Private investigators (often called a “PI”) can be a valuable tool in a divorce or custody case, but they aren’t the silver bullet that people sometimes hope they are. Instead, private investigators can provide pieces of evidence that can be used to help someone prove their case.
What does a private investigator actually do?
Real PIs typically don’t do what we see in the movies—they’re usually not uncovering some hidden piece of evidence or hiding in the shadows of a building to catch someone engaging in some egregious act. A PI will typically provide surveillance. They will watch a house to see who is coming and going, put a tracker on a vehicle to see where it goes and for how long, or gather data on how much time a romantic couple is spending with each other. The PI will then compile this data in a format that is easy to use at trial and will testify as to what they personally observed.
What kinds of cases do you use a private investigator for?
Because a PI generally provides surveillance, you would use a PI when you want to track a person’s movements, the time they spend at a given place or see who someone is interacting with.
For example, let’s say Husband was ordered to pay alimony in a divorce but he now believes his Ex-Wife is cohabitating. The Husband can hire a PI to put a tracker on Wife’s vehicle, on her boyfriend’s vehicle, and then see how many nights those vehicles are parked at the same location. The PI can surveil the couple and see if they’re out in public together, buying groceries together, and acting like a normal couple would. This kind of evidence can help prove to the court that cohabitation has occurred and therefore alimony should be terminated.
In another example, Father may be arguing for custody over a child but Mother believes Father is lying about how many hours he’s working and how late he’s working each week. Mother also has a suspicion that Father is leaving the child in the care of his family for extended periods of time rather than watching the child himself. Mother can hire a PI to track how many hours Father is at work and surveil Father to determine if he’s actually caring for the child himself or leaving the child in the care of others. This kind of evidence can help prove to the court that Father hasn’t been providing the one-on-one care he claims to be and that his work schedule doesn’t actually accommodate the kind of custody schedule he’s asking for.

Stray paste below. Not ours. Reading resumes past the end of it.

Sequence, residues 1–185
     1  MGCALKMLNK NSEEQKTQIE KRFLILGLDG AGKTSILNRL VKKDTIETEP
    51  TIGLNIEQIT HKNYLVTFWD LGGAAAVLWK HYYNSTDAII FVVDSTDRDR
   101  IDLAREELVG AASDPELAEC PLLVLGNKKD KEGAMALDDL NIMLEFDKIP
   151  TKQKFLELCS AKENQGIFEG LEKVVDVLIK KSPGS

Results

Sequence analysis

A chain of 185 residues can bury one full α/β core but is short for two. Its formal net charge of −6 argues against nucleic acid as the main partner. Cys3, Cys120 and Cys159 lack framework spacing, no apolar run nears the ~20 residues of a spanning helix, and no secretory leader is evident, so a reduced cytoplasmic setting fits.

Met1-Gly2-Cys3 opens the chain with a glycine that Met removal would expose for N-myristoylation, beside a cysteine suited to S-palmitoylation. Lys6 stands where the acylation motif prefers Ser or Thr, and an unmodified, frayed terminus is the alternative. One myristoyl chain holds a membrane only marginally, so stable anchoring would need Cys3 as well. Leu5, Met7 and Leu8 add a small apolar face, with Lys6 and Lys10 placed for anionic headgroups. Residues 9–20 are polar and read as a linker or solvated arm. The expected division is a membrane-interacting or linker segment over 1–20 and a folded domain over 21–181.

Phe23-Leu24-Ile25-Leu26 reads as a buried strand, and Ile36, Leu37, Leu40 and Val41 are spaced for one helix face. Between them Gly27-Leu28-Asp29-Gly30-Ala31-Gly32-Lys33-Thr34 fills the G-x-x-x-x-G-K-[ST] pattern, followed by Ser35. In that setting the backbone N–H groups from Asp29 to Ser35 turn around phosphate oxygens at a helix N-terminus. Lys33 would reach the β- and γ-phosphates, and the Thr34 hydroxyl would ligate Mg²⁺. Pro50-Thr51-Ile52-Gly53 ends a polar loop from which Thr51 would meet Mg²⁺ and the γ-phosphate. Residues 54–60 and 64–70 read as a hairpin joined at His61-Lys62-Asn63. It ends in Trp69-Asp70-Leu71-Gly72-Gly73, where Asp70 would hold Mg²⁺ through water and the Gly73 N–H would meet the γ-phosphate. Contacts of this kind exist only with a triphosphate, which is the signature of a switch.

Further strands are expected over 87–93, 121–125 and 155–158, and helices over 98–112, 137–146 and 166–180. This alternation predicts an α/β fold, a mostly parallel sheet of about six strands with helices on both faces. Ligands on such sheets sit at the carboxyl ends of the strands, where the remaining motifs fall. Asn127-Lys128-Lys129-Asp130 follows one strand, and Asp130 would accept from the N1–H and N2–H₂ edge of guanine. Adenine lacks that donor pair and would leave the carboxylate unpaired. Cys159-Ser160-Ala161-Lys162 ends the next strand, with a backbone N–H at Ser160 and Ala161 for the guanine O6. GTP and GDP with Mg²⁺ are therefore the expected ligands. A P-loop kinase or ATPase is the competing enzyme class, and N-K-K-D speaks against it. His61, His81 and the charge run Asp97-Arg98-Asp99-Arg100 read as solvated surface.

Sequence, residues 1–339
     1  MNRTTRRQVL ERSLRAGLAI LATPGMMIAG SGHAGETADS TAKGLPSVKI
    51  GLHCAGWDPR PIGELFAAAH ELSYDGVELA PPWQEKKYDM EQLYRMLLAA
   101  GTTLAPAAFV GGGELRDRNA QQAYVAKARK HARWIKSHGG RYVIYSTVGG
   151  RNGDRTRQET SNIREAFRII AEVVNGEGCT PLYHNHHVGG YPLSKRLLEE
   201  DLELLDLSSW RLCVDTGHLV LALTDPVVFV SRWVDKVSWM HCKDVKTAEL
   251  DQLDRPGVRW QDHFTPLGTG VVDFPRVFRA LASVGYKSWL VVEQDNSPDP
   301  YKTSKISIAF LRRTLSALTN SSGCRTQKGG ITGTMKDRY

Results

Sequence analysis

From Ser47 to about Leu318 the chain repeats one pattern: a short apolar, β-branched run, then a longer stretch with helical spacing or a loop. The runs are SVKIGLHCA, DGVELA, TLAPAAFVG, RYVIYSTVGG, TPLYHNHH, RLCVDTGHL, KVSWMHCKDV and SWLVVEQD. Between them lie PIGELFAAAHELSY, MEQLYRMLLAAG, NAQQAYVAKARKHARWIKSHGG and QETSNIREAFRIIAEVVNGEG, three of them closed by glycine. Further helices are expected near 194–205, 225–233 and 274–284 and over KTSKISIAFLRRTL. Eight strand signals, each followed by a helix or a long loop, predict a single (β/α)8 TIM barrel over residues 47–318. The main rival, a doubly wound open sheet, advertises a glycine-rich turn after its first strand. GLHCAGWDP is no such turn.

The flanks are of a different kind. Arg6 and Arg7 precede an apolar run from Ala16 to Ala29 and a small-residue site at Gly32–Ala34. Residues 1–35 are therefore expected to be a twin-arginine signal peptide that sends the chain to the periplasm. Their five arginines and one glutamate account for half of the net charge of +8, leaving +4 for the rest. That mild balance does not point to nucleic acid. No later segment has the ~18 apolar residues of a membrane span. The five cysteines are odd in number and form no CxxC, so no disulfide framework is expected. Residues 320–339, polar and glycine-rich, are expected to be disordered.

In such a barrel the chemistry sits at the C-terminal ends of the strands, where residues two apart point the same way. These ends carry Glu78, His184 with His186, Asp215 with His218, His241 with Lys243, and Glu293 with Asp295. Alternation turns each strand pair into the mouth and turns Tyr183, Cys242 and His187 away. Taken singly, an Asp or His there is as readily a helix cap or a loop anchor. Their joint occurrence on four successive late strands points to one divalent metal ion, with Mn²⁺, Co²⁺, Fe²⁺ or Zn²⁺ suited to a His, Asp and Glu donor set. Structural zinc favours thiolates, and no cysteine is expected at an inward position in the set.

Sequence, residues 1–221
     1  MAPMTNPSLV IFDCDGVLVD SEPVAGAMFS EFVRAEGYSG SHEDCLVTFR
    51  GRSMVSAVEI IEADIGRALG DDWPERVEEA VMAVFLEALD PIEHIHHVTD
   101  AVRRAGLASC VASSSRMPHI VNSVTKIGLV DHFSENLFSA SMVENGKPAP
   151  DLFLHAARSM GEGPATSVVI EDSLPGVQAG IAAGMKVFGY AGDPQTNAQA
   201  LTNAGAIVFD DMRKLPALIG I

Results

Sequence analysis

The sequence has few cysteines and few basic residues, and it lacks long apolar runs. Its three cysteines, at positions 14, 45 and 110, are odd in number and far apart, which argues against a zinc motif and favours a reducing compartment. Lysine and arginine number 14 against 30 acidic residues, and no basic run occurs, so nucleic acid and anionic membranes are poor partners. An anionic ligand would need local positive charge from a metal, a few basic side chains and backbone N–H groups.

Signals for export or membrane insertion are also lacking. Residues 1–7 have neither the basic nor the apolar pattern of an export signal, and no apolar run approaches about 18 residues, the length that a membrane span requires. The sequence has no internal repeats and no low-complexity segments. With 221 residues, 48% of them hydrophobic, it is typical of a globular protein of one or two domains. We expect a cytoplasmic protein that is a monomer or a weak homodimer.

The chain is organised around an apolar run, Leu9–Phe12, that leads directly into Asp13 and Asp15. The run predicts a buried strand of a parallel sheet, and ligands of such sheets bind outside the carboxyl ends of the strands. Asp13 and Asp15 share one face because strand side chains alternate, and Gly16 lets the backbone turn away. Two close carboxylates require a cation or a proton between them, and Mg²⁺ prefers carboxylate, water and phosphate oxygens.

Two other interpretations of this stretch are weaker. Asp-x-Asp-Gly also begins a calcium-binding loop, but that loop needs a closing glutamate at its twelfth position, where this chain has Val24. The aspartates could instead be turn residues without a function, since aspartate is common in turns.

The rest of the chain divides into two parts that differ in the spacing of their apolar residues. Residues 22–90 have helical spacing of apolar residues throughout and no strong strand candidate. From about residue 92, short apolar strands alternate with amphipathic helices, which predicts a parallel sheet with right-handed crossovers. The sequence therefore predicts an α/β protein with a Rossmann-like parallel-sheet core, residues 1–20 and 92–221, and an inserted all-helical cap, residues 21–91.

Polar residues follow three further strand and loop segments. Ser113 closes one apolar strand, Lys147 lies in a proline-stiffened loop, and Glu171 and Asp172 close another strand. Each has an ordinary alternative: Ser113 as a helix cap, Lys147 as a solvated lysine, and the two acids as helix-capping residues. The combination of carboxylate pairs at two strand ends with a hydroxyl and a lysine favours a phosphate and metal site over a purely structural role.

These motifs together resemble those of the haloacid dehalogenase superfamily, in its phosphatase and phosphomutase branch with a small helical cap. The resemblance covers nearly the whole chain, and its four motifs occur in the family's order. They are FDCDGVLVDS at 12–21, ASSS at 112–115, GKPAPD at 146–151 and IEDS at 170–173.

How long do I need to hire a private investigator for?
Here’s the lawyer’s answer: it depends. For a cohabitation case, you probably want at least 2 months of data, but you may need more depending on what that data shows. Your attorney can help you determine whether you have the evidence you need. For other types of cases, you may not need nearly that long. We hired a private investigator on one case for a single week; within that week, we were able to prove that Mother was taking the children around a certain criminal the court prohibited them from being around. The ultimate goal is to gather enough data so there is no question as to what you’re trying to prove.
Find a Utah family law attorney with PI experience
The most important thing to remember is that a private investigator is a single tool in a series of tools that can be used to help prove your case. Find an attorney that knows how to litigate complex family law cases and understands how a PI can be used as part of a larger strategy to reach your goals. If you’d like to speak with one of our attorneys about tackling a complex case like this, contact us for a consultation.